Despite these contradictions, the Ukrainian uprising was on the whole a positive event, one that showed both the power and the creativity of a mass movement against authoritarianism and imperialism. It shook up not only Ukraine, but also Russia, and scared regimes as far away as the Iranian theocracy, which expressed its fears via feverish coverage in the state media. For Putin’s Russia, the fear is that of a Maidan in Moscow. As James Meek wrote: “Putin’s great fear is that the people of a future better Ukraine might inspire an entirely different unification with their East Slav brethren on his side of the border—a common cause of popular revolt against him and other leaders like him. The revolution on Maidan Nezalezhnosti…is the closest yet to a script for his own downfall.”[iv]

Inside Russia, the democratic opposition saved its own honor by mounting a 50,000 strong demonstration on the eve of the Crimea referendum, March 15. Slogans included “Hands off Ukraine” and “No to war.” A much smaller counter-demonstration took place under the slogan, “There will be no Maidan in Moscow.” That is probably true for now, but the specter of Maidan surely haunts Putin, even as his jingoism has temporarily jacked up his popularity ratings.

At an objective level, the Ukrainian uprising touched off a regional if not a global crisis, involving Russia, the EU, and U.S. imperialism. Putin immediately annexed Crimea, a territory that Russia has long claimed and which has its most important naval bases, and threatens to destabilize or annex outright, other parts of eastern and southern Ukraine where there are large numbers of Russian speakers.

Of course, Putin is well aware that U.S. imperialism has been drained by over a decade of disastrous wars and is in no position to make any kind of military response in a place like Ukraine, to which it never gave security guarantees in any case. Also, some argue that the close economic ties now existing between Russia and the West would preclude an actual Cold War. It is true, for example, that Russia supplies a third of the natural gas for the European Union, while also serving as a magnet for exports from the EU. But pre-World War I Europe also had deep economic ties among rival powers, which many, including reformist socialists, erroneously thought would preclude a European war.

As Marxist-Humanists, we stand firmly alongside the Ukrainian people and the democratic forces within Russia. Putin’s regime rests upon a neo-Stalinist ideology that regards the collapse of the USSR as a tragedy. Reeking of Russian chauvinism, this ideology also contains elements of older versions of Tsarist Pan-Slavism, especially the notion of “protecting” Russian minorities abroad. This is why the Putin clique reveres the reactionary Slavophile Alexander Solzhenitsyn, even as it expresses nostalgia for the regime that imprisoned him.

Speaking during the 1917 revolution, Lenin castigated all such notions: “If Finland, Poland or Ukraine secede from Russia, there is nothing bad in that. What is wrong with it? Anyone who says that is a chauvinist.” Confronting this legacy will have to involve a critique, on Marxist and humanist ground, of all forms of statist communism, Lenin’s included.



The writings of our founder Raya Dunayevskaya’s colleague, the Black autoworker Charles Denby, have been taken up in the publication of a major treatment of his life and work. Jacqueline Jones’s A Dreadful Deceit: The Myth of Race from the Colonial Era to Obama’s America, contains a final chapter entitled “Simon P. Owens [aka Charles Denby]: A Detroit Wildcatter at the Point of Production.” The book and the chapter on Denby (Owens) received favorable treatment in reviews in the New York Times and even the Wall Street Journal and was a finalist for the Pulitzer Prize in History.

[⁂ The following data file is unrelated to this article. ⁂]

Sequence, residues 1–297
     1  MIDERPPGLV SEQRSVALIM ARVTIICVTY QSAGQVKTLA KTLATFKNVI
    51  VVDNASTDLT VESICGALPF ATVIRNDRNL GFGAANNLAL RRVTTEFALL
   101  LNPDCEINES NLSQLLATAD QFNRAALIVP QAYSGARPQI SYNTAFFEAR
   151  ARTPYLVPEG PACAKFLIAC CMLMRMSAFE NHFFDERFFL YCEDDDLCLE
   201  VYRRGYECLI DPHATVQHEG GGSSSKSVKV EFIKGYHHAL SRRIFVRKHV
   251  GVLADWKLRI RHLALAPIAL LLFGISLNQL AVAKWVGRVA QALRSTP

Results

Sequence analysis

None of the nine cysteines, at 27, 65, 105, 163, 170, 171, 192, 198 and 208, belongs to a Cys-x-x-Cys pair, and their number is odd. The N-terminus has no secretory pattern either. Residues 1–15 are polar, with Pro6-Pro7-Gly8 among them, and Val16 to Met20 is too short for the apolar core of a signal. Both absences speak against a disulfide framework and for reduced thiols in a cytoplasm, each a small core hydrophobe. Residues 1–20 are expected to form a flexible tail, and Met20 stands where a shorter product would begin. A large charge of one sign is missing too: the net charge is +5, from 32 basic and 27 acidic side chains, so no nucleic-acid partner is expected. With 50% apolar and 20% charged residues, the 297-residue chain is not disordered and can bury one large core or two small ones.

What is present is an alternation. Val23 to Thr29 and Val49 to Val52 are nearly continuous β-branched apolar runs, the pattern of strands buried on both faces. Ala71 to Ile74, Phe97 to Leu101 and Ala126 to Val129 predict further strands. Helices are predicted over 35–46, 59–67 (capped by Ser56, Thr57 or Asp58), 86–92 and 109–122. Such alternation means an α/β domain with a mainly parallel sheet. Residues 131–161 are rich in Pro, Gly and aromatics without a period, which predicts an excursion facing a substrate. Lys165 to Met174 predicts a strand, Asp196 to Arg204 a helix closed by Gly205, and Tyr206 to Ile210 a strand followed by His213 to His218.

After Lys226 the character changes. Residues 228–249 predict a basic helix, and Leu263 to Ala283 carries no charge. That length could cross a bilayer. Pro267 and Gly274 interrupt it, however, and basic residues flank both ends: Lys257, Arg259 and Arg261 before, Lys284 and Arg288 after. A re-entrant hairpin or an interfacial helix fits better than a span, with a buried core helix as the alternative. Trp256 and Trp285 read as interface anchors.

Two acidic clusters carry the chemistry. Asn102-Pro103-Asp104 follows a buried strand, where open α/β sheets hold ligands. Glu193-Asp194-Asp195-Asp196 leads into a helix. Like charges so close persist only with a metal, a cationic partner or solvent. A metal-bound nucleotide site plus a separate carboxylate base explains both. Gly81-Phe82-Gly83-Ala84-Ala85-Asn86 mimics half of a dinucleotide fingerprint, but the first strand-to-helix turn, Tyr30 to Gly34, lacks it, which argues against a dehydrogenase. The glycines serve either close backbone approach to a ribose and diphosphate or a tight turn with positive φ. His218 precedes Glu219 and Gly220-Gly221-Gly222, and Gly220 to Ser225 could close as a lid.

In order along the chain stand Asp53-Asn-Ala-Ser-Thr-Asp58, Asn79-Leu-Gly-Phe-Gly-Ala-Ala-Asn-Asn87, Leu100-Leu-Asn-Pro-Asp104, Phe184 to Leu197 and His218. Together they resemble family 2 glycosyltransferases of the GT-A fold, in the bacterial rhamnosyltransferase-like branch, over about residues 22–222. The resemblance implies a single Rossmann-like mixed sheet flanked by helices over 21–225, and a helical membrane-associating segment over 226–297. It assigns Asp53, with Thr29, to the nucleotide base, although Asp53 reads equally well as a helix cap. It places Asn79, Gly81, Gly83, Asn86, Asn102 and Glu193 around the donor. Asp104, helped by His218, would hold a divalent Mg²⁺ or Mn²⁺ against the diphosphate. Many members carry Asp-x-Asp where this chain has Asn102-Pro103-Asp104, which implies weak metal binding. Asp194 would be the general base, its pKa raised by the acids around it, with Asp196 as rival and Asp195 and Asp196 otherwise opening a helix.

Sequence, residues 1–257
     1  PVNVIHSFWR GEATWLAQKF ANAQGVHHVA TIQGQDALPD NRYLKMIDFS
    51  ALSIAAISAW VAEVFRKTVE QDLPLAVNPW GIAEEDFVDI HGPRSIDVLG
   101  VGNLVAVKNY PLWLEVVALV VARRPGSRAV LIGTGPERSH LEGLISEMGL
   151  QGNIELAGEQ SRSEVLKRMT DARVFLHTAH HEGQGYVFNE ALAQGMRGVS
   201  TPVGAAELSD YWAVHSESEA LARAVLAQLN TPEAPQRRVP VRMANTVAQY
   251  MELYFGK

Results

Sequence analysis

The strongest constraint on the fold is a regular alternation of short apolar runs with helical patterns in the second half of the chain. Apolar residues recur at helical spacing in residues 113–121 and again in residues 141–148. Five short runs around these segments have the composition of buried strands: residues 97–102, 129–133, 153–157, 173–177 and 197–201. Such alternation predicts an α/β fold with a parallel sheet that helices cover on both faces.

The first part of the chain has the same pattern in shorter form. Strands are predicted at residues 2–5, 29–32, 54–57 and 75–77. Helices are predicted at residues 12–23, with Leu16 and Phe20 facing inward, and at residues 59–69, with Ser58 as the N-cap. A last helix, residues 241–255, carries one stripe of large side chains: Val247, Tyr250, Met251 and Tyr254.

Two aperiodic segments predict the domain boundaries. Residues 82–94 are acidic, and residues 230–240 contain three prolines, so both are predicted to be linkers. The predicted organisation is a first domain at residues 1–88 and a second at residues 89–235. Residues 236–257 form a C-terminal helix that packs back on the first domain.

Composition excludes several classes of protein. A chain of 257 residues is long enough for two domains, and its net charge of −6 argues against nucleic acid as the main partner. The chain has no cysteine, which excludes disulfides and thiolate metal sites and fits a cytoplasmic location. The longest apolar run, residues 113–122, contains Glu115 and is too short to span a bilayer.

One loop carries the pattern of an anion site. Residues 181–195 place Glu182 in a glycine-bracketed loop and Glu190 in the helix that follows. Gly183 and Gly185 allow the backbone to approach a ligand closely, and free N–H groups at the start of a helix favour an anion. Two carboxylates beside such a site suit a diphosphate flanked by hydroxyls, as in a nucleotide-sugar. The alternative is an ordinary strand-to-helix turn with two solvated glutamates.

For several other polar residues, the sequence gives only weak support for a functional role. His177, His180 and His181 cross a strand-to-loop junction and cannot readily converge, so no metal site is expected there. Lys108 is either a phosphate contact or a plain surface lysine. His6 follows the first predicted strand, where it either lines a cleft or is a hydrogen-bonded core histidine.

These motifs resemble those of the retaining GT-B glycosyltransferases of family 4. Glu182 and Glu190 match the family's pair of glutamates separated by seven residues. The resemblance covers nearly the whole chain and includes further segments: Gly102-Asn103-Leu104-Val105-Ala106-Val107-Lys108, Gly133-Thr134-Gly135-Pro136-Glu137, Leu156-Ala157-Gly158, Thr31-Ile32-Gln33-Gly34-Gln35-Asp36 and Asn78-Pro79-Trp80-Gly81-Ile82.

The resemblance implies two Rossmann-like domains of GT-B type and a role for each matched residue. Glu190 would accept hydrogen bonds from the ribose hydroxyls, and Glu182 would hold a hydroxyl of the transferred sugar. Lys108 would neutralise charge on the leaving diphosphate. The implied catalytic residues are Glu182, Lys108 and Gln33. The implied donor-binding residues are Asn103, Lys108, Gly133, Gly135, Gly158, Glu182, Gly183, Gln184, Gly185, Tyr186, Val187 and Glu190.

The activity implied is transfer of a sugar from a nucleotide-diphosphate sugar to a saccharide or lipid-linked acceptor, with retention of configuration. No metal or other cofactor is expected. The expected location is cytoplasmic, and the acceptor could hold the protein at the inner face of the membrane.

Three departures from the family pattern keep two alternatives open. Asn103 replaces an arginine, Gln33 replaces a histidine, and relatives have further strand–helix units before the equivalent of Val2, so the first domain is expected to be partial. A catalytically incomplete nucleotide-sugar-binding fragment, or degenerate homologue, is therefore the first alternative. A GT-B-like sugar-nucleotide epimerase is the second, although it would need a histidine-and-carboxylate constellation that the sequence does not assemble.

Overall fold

In analyzing Denby’s actions and ideas, Jones stresses the interrelation of race, class, and Marxist-Humanism. She notes Denby’s perception of white working class racism as the major impediment to social revolution in America, writing of “those workers who insisted as identifying themselves as white in opposition to their Black co-workers.” At the same time, she chronicles his lifelong quest, sometimes successful, to create working class solidarity across racial lines.

A Dreadful Deceit also chronicles with great subtlety Denby’s and Dunayevskaya’s advocacy of “the merging together of philosophy and activism” that would take workers beyond the act of rebellion and toward an understanding of “the underlying causes of their grievances” and of the need for “a bold plan to build a new society on the remnants of the old.” Fittingly, their commitment to “the role of philosophy in guiding workers to self-understanding, as opposed to simply collecting workers’ stories and letting those stories point toward the revolution” is portrayed as the major cause of their split with C.L.R. James in 1955.

Jones details Denby’s trenchant critiques of other forms of radicalism that did not measure up to the challenges of the times, among them Stokely Carmichael’s version of Black nationalism: “Deeply committed to black-white cooperation, [Denby] was appalled that Stokely Carmichael… seemed bent on turning LCFO [Lowndes County (Alabama) Freedom Organization] into not just an all-black but also an anti-white organization.” She also quotes his warning that nationalists “are called radical today” but “are conservative because their action will inevitably take them to an unconscious coalition with the politics of extremist whites.” In similar fashion, the Maoist-led Black workers’ movement of the late 1960s cut itself off from its potential base in the Detroit automobile plants, as against the 1973 wave of strikes and occupations that united workers across racial lines.

Jones’s discussion of Denby, while not fully appreciative of the importance of Marxist-Humanism’s overall philosophical contribution, constitutes a real contribution to our understanding of the history of American Black and labor struggles, and to Marxist-Humanism’s relationship to that history. Its publication demonstrates that many want to know more about how our ideas address the inter-relation of class, gender and race in such a way as to provide a basis for articulating an emancipatory alternative to all forms of capitalism.

[i] See especially Thomas Piketty, Capital in the Twenty-First Century (Cambridge: Harvard University Press, 2014).

[ii] See D. Cooper, M. Gable and A. Austin, “The Public Sector Job Crisis,” Economic Policy Institute.

[iii] Juraj Karalenac, “What’s up with Bosnia,” Controappuntoblog, Feb. 14, 2014.

[iv] James Meek, London Review of Books, March 20, 2014, p. 3.